But it was the PLAN that set me on the track to success. The basic plan was to set a quit date. That was step 1. That was the first point of holding myself accountable. After that I had to THINK about what that meant and how I was going to deal with it. For me setting the Plan (I'm going to quit on X day) and making the commitment was the first tool in my quitting success. The education I received was AFTER I'd made a plan to quit.
I mean, really, I had "thought" about quitting and had gone through the process several times prior to this last one. But this last time the commitment was different. It was total. I just knew I would never go back to another day one. ONCE I got past my 40 day agreement.
We think, therefore we plan. Or we plan, therefore we think. Ultimately it doesn't really matter the order as long as it induces success. Obviously nicotine replacement therapy is number three on the list. Nobody here with a long-term, successful quit attributes IT to the number one or two positions. And luck is an excuse for not doing one's homework. Actually, no, that's not fair. Luck is the term Newbies use who haven't yet been educated. Because once you HAVE been educated, you understand that 'luck' is an outside influence. Whereas commitment is an inside one. And it's the latter that creates successful, long-term quits.
I still stand by my inclusion of luck. It may not be the best term, but I feel I am lucky to have caught the cold that lead me to this point. If I had not, I would not know I have COPD, therefore I wouldn't have begun the journey to better health. I would still be smoking and drinking my way to an early grave.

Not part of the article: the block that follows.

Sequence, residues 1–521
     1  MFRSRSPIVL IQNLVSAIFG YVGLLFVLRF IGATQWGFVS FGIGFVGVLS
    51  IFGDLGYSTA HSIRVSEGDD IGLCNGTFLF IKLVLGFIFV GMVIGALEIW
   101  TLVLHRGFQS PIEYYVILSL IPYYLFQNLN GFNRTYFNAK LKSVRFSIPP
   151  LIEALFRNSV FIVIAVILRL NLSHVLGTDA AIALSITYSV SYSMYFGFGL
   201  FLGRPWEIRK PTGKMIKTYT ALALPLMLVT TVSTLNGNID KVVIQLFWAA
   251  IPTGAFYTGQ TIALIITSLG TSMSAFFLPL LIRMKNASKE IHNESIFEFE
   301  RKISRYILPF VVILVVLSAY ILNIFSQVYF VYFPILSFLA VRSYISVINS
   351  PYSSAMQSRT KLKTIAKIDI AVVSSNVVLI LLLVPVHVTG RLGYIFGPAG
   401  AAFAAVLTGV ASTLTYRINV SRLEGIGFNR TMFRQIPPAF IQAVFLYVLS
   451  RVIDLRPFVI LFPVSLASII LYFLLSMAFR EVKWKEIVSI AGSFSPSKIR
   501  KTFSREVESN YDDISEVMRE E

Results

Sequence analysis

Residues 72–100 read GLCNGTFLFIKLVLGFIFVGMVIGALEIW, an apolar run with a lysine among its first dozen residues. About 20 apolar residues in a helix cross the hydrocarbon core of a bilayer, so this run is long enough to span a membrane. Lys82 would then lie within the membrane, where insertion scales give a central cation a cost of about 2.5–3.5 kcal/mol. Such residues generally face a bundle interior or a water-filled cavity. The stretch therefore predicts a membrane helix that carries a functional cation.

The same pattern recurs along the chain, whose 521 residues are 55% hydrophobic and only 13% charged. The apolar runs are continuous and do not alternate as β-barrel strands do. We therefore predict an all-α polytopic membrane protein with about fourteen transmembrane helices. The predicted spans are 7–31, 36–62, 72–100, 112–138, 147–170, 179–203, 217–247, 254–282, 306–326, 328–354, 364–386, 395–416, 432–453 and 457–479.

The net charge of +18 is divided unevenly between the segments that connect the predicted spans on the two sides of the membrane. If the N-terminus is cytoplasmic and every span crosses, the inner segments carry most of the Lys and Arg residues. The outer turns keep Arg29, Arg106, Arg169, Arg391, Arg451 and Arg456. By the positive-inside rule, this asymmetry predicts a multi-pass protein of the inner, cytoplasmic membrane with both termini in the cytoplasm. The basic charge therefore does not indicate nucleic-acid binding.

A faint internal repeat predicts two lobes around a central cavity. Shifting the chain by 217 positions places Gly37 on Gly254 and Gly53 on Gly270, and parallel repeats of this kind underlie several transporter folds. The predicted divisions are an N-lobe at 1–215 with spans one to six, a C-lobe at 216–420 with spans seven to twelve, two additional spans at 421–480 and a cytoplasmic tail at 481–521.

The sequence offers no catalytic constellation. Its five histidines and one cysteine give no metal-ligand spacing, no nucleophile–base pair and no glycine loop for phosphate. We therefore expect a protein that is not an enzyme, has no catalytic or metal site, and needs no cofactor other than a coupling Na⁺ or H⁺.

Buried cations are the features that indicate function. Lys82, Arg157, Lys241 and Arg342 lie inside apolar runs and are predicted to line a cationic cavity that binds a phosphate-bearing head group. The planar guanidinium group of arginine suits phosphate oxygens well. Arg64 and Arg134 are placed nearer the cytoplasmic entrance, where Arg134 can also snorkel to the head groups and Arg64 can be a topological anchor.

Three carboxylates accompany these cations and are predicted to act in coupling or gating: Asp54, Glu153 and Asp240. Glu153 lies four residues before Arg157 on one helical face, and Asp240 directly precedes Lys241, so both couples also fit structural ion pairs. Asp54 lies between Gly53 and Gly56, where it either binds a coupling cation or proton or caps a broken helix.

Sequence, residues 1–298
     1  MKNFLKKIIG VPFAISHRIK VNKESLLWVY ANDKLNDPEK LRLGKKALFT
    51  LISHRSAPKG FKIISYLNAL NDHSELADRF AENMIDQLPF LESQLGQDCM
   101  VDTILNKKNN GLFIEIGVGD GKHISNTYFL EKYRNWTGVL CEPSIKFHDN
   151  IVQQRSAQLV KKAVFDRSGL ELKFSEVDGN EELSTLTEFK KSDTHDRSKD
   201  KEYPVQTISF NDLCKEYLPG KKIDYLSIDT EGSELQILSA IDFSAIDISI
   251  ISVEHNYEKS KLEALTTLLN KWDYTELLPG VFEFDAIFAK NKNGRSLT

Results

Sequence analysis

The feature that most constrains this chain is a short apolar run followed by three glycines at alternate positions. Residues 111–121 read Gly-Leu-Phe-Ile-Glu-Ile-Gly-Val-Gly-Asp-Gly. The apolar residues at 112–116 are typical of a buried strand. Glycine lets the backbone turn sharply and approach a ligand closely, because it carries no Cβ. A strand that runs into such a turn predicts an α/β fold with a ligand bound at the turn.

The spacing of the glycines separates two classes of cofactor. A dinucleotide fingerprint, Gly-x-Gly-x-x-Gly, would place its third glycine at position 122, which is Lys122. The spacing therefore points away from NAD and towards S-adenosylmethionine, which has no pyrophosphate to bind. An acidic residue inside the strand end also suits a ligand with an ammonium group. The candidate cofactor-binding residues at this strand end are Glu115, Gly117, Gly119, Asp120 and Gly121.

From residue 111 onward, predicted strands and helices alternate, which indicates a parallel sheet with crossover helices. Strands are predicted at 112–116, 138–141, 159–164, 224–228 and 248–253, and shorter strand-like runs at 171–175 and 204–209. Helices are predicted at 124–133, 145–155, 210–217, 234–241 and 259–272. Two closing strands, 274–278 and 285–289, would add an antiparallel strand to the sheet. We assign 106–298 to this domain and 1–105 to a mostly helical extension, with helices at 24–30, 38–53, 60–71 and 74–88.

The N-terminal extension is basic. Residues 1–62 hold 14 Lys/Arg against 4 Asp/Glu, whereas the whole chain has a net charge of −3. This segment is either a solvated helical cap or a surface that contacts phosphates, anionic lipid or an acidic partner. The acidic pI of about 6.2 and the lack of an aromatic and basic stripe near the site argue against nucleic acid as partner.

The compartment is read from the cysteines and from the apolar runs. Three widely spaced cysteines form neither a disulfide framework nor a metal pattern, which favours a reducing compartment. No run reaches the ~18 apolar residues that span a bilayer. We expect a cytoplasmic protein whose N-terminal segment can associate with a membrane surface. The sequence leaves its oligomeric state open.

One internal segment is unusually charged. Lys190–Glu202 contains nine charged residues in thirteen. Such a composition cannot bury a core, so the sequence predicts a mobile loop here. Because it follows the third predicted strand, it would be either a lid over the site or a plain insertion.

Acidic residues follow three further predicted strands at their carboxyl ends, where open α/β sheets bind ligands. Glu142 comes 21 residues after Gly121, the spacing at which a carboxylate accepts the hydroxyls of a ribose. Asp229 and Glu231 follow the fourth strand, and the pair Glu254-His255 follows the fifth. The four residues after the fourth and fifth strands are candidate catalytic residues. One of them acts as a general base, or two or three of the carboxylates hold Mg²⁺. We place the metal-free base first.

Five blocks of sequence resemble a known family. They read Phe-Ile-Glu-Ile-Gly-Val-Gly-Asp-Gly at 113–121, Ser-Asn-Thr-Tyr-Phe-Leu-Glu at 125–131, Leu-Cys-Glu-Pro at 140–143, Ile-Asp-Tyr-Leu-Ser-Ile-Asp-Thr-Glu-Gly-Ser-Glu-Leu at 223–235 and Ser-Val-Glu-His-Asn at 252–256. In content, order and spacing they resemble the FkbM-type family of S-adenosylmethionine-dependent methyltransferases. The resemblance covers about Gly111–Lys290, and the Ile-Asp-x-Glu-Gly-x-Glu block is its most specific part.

Luck, fate, divine intervention....whatever we call it, something is helping me and I am going to graciously accept. Here is an example; I never buy lottery tickets or scratch offs. My SIL says I am the only person she knows that can scratch $20 worth and not even get a free ticket. I got some last night as a belated birthday gift and I won $30! That is a miracle from my perspective. Not a lot of money, but I won when I never do!
I too think the EX community should be on the list. Even when I am not on here, I can feel the support. I feel accountable to myself and to those who have graciously offered their support, wisdom and motivation.
I chose a plan because that gives you a road map to follow. A good plan will include statagies for success and getting through a tough time. I think a plan includes changing the way you think. Also a good plan should be on paper. People who have a plan tend to succeed in anything not just quiting smoking.
Having only four days I am not sure how to rank. Thinking can be bad if you perseverate on negative thoughts, so changing my thinking is probably what will help me overcome obstacles in my way. My plan included a quit date and the patch. Support is tremendously important and this site has given me that. So I guess all of the above are intregal in a successful quit. For me they all work together.
Luck was never part of this for me...changing my thinking and then making a plan were vital to my quit...I had to have the education about nicotine addiction and then my commitment and the support and advice of people on EX. I did not use NRT's or medication to stop...I was already on Wellbutrin, had been for years and years so I don't think it was a factor. Seeing this as a journey really helped to put things into perspective.